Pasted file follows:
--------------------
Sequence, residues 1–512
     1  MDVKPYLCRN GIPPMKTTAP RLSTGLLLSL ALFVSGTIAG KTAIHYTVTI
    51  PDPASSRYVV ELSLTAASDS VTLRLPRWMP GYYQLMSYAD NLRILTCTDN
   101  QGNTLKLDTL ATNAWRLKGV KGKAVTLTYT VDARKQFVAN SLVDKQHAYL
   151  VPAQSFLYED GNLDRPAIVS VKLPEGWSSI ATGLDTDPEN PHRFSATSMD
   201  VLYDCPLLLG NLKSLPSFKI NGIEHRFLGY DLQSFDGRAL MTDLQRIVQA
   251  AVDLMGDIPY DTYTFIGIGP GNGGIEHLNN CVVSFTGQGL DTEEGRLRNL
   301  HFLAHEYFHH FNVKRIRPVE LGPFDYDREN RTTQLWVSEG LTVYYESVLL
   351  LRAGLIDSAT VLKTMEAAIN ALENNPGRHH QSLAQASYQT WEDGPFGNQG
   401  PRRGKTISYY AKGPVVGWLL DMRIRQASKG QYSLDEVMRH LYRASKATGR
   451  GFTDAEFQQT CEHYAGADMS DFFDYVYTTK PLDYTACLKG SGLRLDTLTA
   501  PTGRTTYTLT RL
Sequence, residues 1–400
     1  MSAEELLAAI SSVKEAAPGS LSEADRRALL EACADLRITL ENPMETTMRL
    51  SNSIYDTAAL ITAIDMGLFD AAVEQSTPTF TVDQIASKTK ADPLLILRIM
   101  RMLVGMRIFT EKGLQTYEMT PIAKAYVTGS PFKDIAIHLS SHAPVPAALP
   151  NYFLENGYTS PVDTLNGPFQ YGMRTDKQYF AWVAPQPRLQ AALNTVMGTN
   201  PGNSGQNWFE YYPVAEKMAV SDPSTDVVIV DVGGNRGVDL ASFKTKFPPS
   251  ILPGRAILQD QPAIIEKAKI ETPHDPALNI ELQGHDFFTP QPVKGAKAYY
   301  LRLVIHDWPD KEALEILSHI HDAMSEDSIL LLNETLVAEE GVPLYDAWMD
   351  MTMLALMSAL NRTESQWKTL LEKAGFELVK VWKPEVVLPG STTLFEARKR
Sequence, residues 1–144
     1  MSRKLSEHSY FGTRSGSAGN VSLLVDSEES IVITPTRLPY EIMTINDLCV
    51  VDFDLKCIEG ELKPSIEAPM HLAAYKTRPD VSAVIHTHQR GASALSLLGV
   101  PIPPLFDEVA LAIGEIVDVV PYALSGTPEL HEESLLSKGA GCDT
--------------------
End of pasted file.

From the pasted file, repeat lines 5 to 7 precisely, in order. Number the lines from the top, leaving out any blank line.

   151  VPAQSFLYED GNLDRPAIVS VKLPEGWSSI ATGLDTDPEN PHRFSATSMD
   201  VLYDCPLLLG NLKSLPSFKI NGIEHRFLGY DLQSFDGRAL MTDLQRIVQA
   251  AVDLMGDIPY DTYTFIGIGP GNGGIEHLNN CVVSFTGQGL DTEEGRLRNL